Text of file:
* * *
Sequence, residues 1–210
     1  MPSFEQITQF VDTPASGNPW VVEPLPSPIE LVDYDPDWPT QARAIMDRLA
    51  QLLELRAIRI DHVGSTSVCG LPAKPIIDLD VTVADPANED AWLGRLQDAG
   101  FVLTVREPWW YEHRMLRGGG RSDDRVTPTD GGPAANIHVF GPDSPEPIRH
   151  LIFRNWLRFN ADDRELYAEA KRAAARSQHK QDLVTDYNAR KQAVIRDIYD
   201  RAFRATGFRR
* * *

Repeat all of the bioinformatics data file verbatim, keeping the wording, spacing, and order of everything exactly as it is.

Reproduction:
Sequence, residues 1–210
     1  MPSFEQITQF VDTPASGNPW VVEPLPSPIE LVDYDPDWPT QARAIMDRLA
    51  QLLELRAIRI DHVGSTSVCG LPAKPIIDLD VTVADPANED AWLGRLQDAG
   101  FVLTVREPWW YEHRMLRGGG RSDDRVTPTD GGPAANIHVF GPDSPEPIRH
   151  LIFRNWLRFN ADDRELYAEA KRAAARSQHK QDLVTDYNAR KQAVIRDIYD
   201  RAFRATGFRR